Antarctica Breaks the Ice Again


According to the weather blog Weather Underground, on Tuesday, March the 24th a new record high was set for Antarctica, deeming 63.5F (17.5C) as the warmest day. Allegedly this broke the record of 63.3F which was set just one day before. The previous warmest temperature dated back from 1961 and it was of 62.8F.

Currently, the World Meteorological Organization (WMO), the official global temperature records keeper, has yet to certify that these new highs are all-time records for Antarctica.  The verification process alone could take months for a validation. According to the WMO, the all-time high temperature for Antarctica was 59F in 1974.

The latest mentioned records were registered on Marambio Base on Monday the 23rd of March, and the second record on Tuesday at the Argentina Esperanza Base. The main issue with these kind of records for a continent is it requires a lot of data to be calculated, aggregated through an intense monitoring and intensive observing of the so-called COARE periods of time, synthesized to fit the pattern of a significant climate change and then confirmed by the official channels. Otherwise, they might appear to be isolated exceptions on the temperatures chart.

Another interesting debate would be the locations themselves. Judging by narrowest strict interpretation on what includes the Antarctica continent, only the sites south of the Antarctic Circle, Esperanza would not truly be part of the continent.

According to the official WMO temperatures record, the new readings are not out the context of the climate change. The polar regions are the most affected in terms of temperature changes by the rise in the greenhouse gas concentration levels in the atmosphere. Extended areas across the planet are setting record highs at a much faster rate than record lows. Since 2010, 46 countries or territories out of 235 have set or tied record highs, and only four have set record lows. According toWeather Underground, so far this year five nations or territories have set or tied records for high temperatures: Antarctica, Equatorial Guinea, Ghana, Wallis and Futuna Territory and Samoa.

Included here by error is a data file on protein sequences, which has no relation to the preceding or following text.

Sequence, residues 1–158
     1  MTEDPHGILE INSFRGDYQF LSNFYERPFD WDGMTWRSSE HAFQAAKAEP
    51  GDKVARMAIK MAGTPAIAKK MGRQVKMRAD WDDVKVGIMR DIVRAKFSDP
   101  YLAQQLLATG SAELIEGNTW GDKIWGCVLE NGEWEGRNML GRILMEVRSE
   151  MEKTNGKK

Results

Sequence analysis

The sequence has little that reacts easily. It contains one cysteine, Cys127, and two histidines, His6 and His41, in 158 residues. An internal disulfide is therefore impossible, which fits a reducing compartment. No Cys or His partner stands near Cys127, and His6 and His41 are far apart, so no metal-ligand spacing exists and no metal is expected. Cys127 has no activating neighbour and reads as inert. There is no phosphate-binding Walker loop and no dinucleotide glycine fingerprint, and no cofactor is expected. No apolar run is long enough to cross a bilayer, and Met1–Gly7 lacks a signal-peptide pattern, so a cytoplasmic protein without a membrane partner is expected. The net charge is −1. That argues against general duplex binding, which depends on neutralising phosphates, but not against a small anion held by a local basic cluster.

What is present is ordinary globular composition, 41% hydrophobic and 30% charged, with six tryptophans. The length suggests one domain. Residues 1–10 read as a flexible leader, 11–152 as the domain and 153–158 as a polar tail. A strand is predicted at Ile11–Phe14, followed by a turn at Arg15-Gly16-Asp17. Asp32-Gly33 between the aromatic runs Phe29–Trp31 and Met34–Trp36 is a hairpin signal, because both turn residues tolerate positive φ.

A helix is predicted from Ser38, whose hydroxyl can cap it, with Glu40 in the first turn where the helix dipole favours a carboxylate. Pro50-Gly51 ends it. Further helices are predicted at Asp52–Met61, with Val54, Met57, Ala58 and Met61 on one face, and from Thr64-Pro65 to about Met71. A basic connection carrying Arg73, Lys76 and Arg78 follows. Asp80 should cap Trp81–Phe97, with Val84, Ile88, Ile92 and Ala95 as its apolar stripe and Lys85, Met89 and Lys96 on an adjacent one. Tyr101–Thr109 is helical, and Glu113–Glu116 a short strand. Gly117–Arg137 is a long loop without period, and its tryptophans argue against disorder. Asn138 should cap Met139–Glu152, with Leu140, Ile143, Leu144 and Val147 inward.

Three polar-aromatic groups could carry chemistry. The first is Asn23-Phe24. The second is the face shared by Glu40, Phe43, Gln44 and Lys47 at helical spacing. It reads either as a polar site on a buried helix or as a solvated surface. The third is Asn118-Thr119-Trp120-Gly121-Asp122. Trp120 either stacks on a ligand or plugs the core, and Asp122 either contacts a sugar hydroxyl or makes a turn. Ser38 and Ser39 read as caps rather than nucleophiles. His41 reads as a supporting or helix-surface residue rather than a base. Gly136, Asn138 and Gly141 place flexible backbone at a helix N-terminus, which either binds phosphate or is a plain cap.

To support the certification of the new temperature high records is the fact that the average high for March is 31.3F, making this week’s records more than 30F above the average. Temperature records have also been registered in October and December, so these new highs are not coming out of the blue antarctic sky.

These temperature developments are not something the WMO has not expected. The poles are warming at a pace faster than any other part of the planet and rapid ice melting is not anymore in the news bulletin. According to a new study, ice shelves in West Antarctica have lost as much as 18 percent in volume over the last two decades, with concerning acceleration over the last decade.

The Study of the Ozone Layer Over Antarctica of the World Meteorological Organization mentions the total amount of ozone depleting substances in the stratosphere is believed to have reached its maximum. This explains why the Antarctic Peninsula is the most rapidly warming region in the Southern Hemisphere, comparable to the rapidly warming regions of the Arctic.

The most puny of the climate changes, like butterfly wings can cause, is demanding the most immediate action. The big picture etched into all the official and unofficial data is that even if a new high temperature was not hit on the Antarctica, it is a matter of time until it will. The breaking news though is the consequences of this trend, which does not require any official confirmation or WMO certification. As it relates to the ozone hole getting larger, the new record highs at the Antarctica are only a warning sign that the ice melting at the South Pole is something which will not wait for months until the WMO gathers all the data and certifies that a new high temperature record has been set. It might be too late by then.

By Adrian Nita


World Meteorological Organization

Weather Underground

Think Progress


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